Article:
Yuno, a new app that matches blue-collar workers with potential employers, is providing a way forward for millions of people whose jobs have gone abroad or been automated in recent years. We sat down with Founder Lorenz Fischer, PhD to learn more.
How did Yuno come about, what problem is it trying to solve?
Fifty years ago you would train for a job and do that same job until the end of your career. Now, due to rapid technological change, this is becoming less common and more and more people are finding themselves needing to re-skill mid-career.
I’m a huge fan of progress and automation but we need to recognise the pressure it puts on people. Over the last 30 years, millions of people have found themselves in positions where their jobs have either moved abroad or been automated away.
Yuno is focusing on blue collar workers as they are disproportionately affected by this shift and don’t have as many options as say a university graduate. Currently, their options to find work are the job centre and a few charities, but they’re not very technologically advanced and the service is not very personalised.
Yuno is looking to change this. Fundamentally, Yuno is trying to help blue collar workers keep up with technological change and get into jobs where they can progress and partake in the upside of all this change.
Fundamentally, Yuno is trying to help blue collar workers keep up with technological change and get into jobs where they can progress and partake in the upside of all this change.
At the same time we’re also helping employers who are struggling to fill skilled positions to find candidates that fit really well.
How does Yuno work?
Yuno is an app that uses a swipe function to get to know the user in an anonymous way. With each swipe you give away a little bit of information about yourself in terms of your personality, interests, and values. After swiping you generate a profile.
We do the same thing on the employer side and generate ideal candidate profiles. Then if there is a match, we facilitate that match.
It’s essentially like career coaching for the user and a headhunting tool for the employer.
What would success look like for Yuno?
Success for Yuno would mean that no matter where you are on the socio-economic spectrum you can confidently look into the future and you don’t need to be afraid of change. We want people to feel that they have Yuno, they have this tool, that can help them figure out where to go next and help facilitate that process.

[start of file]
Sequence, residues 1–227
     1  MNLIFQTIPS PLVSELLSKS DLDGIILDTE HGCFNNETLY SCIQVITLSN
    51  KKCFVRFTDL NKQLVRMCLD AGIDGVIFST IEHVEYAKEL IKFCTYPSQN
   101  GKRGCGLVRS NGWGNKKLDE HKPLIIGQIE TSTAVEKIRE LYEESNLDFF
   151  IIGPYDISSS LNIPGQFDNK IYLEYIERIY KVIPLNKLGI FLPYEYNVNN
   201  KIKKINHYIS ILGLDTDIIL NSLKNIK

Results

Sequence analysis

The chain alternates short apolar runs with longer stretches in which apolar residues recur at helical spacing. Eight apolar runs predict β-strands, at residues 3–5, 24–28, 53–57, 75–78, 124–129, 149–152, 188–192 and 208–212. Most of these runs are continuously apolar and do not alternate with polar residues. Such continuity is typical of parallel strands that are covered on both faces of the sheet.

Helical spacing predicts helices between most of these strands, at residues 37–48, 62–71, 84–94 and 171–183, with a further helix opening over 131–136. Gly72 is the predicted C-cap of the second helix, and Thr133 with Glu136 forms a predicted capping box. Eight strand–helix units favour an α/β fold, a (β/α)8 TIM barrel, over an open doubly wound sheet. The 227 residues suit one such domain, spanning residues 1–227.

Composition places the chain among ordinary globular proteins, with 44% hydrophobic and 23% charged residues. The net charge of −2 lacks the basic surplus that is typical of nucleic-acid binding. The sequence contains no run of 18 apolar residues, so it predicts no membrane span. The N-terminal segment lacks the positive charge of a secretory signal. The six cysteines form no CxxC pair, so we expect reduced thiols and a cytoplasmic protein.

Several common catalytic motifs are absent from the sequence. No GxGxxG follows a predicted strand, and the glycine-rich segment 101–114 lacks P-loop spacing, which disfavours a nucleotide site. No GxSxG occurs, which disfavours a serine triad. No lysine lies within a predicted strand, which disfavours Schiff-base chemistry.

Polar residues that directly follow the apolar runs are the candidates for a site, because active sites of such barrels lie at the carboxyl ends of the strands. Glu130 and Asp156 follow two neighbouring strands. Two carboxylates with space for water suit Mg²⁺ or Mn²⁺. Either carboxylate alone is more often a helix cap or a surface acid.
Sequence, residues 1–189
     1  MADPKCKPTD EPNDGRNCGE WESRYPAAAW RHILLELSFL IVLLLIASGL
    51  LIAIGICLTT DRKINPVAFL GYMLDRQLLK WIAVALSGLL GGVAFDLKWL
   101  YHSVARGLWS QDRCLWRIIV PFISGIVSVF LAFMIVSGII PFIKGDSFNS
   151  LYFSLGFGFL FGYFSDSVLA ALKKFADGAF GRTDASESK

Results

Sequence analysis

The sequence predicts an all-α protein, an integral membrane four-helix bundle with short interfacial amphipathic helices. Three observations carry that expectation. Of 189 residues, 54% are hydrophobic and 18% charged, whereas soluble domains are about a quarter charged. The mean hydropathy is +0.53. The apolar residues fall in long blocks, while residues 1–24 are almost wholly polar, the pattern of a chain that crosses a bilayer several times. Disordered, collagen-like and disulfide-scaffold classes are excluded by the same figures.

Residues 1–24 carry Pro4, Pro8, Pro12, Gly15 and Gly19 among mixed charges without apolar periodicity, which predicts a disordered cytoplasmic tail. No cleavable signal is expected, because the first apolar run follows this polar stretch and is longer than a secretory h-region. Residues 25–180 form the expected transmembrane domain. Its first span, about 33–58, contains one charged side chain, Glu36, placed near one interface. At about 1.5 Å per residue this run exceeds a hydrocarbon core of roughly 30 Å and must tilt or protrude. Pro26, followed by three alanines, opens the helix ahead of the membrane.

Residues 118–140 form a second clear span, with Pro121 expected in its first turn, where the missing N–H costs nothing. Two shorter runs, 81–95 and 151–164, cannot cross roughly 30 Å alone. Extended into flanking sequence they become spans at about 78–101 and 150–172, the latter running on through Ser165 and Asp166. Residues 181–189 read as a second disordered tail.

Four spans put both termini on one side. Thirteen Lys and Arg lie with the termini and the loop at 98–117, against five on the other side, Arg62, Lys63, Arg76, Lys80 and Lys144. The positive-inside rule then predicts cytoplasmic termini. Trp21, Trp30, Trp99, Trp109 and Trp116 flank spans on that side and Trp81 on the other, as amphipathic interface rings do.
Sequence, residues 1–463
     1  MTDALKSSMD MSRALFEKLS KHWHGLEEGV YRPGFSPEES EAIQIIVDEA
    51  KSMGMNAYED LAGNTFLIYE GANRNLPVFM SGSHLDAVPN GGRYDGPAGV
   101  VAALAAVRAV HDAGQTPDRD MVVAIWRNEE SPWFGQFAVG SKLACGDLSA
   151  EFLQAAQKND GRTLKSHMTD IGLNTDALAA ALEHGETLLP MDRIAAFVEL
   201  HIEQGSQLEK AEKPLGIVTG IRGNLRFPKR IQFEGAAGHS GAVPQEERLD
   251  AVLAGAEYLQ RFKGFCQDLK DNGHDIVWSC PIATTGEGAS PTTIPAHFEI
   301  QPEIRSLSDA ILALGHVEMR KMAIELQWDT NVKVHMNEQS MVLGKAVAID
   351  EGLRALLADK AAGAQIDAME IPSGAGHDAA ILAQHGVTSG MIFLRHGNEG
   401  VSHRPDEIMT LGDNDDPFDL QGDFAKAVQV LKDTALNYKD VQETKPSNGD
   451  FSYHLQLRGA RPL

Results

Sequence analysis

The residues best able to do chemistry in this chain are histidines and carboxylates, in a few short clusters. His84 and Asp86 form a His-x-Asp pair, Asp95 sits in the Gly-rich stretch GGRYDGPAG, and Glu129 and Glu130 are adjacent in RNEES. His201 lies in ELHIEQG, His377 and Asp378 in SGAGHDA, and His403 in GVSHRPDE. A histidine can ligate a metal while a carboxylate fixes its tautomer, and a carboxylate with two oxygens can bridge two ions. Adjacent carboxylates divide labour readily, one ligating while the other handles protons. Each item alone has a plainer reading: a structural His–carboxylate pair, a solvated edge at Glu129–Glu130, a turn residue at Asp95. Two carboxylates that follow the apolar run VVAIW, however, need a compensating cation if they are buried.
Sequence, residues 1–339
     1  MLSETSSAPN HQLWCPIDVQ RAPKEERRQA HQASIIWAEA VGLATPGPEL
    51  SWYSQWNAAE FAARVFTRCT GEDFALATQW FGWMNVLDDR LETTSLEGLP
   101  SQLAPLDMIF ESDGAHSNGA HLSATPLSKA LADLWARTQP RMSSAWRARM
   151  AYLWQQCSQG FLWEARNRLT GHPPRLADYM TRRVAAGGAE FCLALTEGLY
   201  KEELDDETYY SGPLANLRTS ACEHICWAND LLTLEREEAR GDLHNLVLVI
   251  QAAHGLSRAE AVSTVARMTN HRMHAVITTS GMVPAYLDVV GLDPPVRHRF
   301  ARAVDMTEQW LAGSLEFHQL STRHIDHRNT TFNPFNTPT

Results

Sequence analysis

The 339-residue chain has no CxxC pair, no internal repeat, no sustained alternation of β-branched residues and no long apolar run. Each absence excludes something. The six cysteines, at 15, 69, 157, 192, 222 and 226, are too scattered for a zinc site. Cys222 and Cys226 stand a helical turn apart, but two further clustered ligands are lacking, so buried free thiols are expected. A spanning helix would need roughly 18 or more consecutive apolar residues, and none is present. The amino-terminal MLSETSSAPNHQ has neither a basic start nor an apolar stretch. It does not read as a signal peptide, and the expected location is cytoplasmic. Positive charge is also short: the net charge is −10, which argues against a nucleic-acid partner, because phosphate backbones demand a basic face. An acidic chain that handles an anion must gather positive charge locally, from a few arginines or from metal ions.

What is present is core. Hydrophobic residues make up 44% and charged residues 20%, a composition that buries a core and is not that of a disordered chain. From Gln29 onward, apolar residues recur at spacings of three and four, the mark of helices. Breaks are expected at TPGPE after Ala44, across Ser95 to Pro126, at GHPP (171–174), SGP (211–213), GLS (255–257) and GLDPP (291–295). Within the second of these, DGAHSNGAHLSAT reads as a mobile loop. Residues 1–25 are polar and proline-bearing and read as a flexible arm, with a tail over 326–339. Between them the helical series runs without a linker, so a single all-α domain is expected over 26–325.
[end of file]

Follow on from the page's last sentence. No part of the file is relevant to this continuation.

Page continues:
We want people to feel that they have Yuno, they have this tool, that can help them figure out where to go next and help facilitate that process.
There is a huge need for a product like Yuno. Currently there are six million people in the UK who are living below the national living wage and on the other side we have labour shortages.
According to experts, this is only going to intensify over the coming years, so it’s a huge market opportunity but it’s also scary because we need to get it right. I think if we can start by changing the lives of a few hundred-thousand people that would be fantastic.
What have you found most surprising so far?
One thing I have found surprising is how much Zinc’s mission-driven approach unites everyone. You get so much positivity and good-will and that opens a lot of doors.
Often when you go and say “we’re a startup” you’re met with skepticism, but when you come from Zinc and say “we’re a start-up and we’re trying to address this social issue” people tend to say “that’s great, how can I help you?”. Everyone is super supportive of the mission.
How have you found the experience of building a company through Zinc’s programme?
The startup game is all about speed. Whenever you have a business idea, it’s not only a question of why are you doing this, but also why is now the right moment.
Whenever you have a business idea, it’s not only a question of why are you doing this, but also why is now the right moment.
You could build a business on your own but it would take a super long time. Zinc gathers all of these people that share a passion for the problem and who are willing to donate their expertise. They help you connect with users, customers, potential investors, and give you a platform to pitch your company.
Two weeks ago Zinc organised a trip to Sheffield and all I had to do was show up on time at the train station and then pitch to a room full of relevant people. It was a fantastic opportunity to make good contacts.
Do you have any advice for future entrepreneurs?
I have not yet had the success that warrants me giving advice to future entrepreneurs! In general though I would say that as soon as you have some life experience, sit down and think — what gives you goosebumps, what really gets you going, what gets you up in the morning?
Think about all the projects, companies, books, articles, movies, everything that you really like and click with and try and find the essence. Then follow that essence and try and integrate it into your life.
What’s next for Yuno?
We have a couple of pilots that we’re running right now to prove that the research we’ve done is applicable to the problem in the way that we want to apply it.
We’re also developing some good partnerships, we’re talking to people in Sheffield, Manchester and Newcastle on the customer end, and on the user end we’re partnering with Labour Xchange in Southend and we’re in talks with a trade union, too.
We’re also looking for investment. If we could get a few strategic angels on board that would be phenomenal and we’re looking at some grants through government agencies and charities that are interested in trying to solve the same problem as us.
Follow Yuno’s progress @yuno_link or get in touch at firstname.lastname@example.org